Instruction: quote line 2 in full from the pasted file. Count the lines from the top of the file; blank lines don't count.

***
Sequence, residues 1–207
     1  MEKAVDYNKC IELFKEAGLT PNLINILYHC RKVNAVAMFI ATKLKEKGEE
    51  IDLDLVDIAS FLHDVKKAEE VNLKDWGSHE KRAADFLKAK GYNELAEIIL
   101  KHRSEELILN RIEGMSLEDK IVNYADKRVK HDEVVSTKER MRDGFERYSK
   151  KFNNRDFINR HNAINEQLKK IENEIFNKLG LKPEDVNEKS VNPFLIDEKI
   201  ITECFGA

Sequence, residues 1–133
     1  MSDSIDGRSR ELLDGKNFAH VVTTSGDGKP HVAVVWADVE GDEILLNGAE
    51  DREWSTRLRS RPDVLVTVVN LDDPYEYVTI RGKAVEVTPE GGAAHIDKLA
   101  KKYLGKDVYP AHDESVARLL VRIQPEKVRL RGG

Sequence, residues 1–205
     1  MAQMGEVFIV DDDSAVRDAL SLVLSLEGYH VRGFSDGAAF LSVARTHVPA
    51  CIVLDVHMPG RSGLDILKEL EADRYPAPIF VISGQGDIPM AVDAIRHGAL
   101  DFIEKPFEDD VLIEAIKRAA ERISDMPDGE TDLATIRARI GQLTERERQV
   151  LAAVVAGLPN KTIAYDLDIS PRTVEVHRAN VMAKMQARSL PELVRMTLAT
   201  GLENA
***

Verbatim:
     1  MEKAVDYNKC IELFKEAGLT PNLINILYHC RKVNAVAMFI ATKLKEKGEE